Mr. Speaker, one of the obvious differences, and the member has recognized it, is that Liberals are able to think, unlike the hon. member and members of his party.
The fact remains that if Reformers believe the Somalia commission of inquiry should continue indefinitely, in other words, never mind the cover-up or the whitewash, but a carte blanche, then that is what they should say.
With respect to the inquiry being terminated at the end of June, everyone knows it has gone on now for over two years. It has heard hundreds of witnesses. It has reviewed hundreds of thousands of pages of documents. I think Canadians look forward to the report, the conclusions and the recommendations of the Somalia commission of inquiry.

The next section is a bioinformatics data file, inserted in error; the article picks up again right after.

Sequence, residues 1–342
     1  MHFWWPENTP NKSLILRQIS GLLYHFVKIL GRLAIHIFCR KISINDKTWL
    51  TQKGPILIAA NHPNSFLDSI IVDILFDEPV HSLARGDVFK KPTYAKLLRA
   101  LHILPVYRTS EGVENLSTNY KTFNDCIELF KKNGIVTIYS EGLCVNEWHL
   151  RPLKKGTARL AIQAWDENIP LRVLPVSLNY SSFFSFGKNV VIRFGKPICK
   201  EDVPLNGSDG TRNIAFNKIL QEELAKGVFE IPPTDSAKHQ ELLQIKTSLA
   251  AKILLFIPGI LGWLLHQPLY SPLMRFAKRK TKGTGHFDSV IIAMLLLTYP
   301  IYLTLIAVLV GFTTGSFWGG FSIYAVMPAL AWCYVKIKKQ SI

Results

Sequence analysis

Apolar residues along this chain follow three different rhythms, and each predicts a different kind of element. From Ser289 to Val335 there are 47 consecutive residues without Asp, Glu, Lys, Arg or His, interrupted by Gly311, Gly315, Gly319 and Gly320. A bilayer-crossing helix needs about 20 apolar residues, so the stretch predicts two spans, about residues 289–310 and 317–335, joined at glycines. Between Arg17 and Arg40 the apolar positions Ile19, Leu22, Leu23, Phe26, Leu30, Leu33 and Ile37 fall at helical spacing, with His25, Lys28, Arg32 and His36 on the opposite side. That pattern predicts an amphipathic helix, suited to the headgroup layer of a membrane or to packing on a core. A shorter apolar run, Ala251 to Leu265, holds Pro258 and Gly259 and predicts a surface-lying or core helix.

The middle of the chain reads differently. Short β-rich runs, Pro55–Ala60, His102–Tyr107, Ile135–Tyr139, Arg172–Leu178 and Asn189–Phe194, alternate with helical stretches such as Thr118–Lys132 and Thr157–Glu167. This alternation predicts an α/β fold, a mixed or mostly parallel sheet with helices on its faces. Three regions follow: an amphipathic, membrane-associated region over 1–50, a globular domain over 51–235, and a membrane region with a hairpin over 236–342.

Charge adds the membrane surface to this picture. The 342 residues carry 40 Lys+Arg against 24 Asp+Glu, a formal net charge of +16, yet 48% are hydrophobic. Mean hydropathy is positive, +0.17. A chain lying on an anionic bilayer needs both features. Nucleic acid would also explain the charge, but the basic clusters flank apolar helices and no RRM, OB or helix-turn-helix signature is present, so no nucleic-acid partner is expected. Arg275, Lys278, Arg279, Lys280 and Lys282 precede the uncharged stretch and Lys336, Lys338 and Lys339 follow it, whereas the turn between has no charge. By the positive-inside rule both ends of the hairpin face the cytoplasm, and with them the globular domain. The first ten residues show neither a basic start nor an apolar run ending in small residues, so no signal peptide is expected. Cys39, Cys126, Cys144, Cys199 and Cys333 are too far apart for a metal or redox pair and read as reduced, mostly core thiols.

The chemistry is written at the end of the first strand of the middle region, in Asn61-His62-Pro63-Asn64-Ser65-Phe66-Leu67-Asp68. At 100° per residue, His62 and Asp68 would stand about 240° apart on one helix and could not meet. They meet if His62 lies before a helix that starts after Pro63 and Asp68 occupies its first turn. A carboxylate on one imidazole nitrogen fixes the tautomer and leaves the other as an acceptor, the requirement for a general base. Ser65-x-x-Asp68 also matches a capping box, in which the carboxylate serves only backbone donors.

With respect to what happens in the Senate, the hon. member should respect that the question of looking into incidents surrounding the affair in Somalia was raised by a Conservative member of the Senate several weeks ago. Subsequent to a number of discussions it was determined unanimously in the Senate, as I understand it, that it should look into the Somalia situation. It has a right to do that. Constitutionally we are operating as two separate House, the Senate and the House of Commons. It has every right to look into whatever it wishes.